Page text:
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In re Infinito

New Jersey Supreme Court


Decided: July 20, 1983.

IN THE MATTER OF VINCENT J. INFINITO, AN ATTORNEY AT LAW

On an Order to Show Cause why respondent should not be disbarred or otherwise disciplined.

For suspension -- Chief Justice Wilentz and Justices Schreiber, Handler, Pollock and Garibaldi. Dissenting -- Justice O'Hern. O'Hern, J., dissenting.

Per Curiam

[94 NJ Page 51] This disciplinary proceeding arose as a result of a presentment that was filed by the District XI Ethics Committee against respondent, a member of the bar, based upon respondent's conviction for larceny of property valued at over $500.00 and conspiracy to commit larceny. After hearing on the presentment,

[94 NJ Page 52]

the Disciplinary Review Board (Board) accepted the Committee's findings that the respondent had violated DR 1-102(A)(3) and (4). The majority of the Board recommended that respondent be suspended from the practice of law for eighteen months, retroactive to January 26, 1982, the effective date of his temporary suspension.

We disagree and adopt instead the minority's recommendation that respondent be suspended from the practice of law for three years retroactive to January 26, 1982.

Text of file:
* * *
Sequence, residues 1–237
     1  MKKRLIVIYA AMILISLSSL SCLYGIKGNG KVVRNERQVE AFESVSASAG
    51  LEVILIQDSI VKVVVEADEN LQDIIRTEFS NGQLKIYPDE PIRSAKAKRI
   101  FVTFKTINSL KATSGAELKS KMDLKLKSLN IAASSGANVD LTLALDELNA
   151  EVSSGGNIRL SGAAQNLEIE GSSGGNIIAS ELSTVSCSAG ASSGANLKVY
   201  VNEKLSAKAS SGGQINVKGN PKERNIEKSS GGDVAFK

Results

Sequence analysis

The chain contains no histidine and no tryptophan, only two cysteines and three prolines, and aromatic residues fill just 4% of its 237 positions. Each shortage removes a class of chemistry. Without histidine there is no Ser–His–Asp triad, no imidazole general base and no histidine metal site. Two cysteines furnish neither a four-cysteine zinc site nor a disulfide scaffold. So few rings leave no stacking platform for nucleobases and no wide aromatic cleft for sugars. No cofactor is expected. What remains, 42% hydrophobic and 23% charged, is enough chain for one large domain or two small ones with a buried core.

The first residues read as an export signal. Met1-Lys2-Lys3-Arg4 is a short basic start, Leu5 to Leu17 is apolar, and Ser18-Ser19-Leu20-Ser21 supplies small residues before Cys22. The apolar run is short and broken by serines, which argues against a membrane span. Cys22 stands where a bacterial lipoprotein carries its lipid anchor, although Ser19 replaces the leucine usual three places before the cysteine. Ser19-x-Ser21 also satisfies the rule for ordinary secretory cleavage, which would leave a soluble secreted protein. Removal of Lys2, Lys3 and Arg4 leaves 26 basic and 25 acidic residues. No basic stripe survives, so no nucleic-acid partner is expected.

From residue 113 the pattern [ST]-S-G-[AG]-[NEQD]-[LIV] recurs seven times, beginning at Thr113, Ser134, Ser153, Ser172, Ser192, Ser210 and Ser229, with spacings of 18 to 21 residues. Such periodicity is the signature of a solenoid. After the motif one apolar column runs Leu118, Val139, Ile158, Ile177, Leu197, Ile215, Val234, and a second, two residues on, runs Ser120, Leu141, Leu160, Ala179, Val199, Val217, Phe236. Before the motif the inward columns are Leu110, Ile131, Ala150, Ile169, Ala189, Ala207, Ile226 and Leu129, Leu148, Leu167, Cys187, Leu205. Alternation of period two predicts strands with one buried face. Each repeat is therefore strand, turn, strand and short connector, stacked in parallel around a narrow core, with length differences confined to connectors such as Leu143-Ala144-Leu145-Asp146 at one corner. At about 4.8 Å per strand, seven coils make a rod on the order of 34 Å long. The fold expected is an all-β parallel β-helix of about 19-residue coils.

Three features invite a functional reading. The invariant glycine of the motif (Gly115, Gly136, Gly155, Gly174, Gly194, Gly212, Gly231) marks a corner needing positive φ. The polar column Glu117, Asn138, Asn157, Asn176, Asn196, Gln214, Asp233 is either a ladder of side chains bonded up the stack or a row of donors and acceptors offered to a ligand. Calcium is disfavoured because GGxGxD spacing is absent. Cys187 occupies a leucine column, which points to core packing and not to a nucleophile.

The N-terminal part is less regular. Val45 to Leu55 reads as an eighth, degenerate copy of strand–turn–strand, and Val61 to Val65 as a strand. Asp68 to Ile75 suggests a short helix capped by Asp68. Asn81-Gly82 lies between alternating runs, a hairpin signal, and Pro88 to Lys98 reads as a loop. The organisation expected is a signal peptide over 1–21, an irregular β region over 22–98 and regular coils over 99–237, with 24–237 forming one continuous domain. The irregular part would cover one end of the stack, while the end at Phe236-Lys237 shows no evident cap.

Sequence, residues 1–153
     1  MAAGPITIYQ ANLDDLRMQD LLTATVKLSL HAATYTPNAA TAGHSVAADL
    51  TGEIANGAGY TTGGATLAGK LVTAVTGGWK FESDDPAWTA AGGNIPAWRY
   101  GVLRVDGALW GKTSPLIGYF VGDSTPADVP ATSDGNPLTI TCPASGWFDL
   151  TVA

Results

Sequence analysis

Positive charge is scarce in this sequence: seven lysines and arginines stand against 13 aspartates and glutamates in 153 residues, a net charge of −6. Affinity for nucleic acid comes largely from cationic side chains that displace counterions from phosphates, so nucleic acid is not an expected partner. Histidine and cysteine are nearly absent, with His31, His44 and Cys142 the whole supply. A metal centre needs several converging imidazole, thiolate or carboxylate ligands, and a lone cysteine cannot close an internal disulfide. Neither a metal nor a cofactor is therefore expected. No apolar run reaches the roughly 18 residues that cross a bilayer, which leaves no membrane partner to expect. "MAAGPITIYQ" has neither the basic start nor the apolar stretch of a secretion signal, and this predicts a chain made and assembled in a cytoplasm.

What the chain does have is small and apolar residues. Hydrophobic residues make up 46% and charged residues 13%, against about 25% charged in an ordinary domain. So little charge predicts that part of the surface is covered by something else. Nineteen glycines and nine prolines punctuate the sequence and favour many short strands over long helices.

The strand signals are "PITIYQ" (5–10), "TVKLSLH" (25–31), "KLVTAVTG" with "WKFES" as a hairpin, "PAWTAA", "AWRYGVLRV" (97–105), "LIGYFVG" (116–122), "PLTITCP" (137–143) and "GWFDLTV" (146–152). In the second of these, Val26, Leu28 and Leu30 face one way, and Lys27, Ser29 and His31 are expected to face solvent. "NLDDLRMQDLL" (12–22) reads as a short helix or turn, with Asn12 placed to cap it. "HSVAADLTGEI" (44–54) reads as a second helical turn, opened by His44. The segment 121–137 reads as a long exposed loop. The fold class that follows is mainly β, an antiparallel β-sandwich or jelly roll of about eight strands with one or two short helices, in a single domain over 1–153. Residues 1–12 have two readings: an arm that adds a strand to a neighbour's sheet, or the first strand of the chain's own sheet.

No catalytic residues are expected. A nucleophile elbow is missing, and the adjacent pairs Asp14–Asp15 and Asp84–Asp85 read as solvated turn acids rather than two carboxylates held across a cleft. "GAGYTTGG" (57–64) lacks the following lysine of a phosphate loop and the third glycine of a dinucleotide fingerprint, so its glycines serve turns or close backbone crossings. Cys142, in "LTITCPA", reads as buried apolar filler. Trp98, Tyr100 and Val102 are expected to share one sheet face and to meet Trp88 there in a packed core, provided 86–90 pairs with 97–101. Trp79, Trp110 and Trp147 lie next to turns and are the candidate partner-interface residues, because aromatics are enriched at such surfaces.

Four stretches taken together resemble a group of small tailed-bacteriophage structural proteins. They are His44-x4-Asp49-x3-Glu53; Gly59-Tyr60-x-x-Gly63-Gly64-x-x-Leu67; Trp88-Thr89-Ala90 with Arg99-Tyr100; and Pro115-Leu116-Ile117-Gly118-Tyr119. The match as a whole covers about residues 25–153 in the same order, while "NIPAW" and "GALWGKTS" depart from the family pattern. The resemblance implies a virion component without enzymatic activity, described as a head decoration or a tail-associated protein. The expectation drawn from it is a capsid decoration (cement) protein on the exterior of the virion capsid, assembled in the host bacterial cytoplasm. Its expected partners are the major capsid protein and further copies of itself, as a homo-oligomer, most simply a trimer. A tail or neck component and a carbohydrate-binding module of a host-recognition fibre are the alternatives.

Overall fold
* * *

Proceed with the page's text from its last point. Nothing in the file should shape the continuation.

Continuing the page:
I

The Board accurately sets forth the relevant facts in its Recommendation, viz:

"The respondent's conviction resulted from the unauthorized use by respondent and his wife of funds which belonged to two adult sisters, Mary Ellen and Kathleen Leonardis. The sisters were placed in the respondent's home during 1972 by a social worker from the Division of Mental Retardation (hereinafter Division). Both Kathleen and Mary Ellen had been institutionalized for most of their lives, and worked as domestics in a nursing home operated by Roman Catholic Nuns for four years prior to being placed with the Infinitos. During that time, each of the sisters had accumulated several thousand dollars in a savings bank near the housing home. The sisters were to act as live in domestic help in the Infinito home, and, in return, the respondent was required to pay Kathleen and Mary Ellen on a weekly basis. The respondent understood that $10.00 each was the appropriate amount. No contract or written understanding was made, and after the first several weeks, only semi-annual inspections were made by the Division.

"At hearing before the District XI Ethics Committee, the respondent advised that he initially paid the sisters by check, but they complained because of the inconvenience of going to the bank to cash the checks. Thereafter he gave them cash. After several months he paid them periodically as they needed the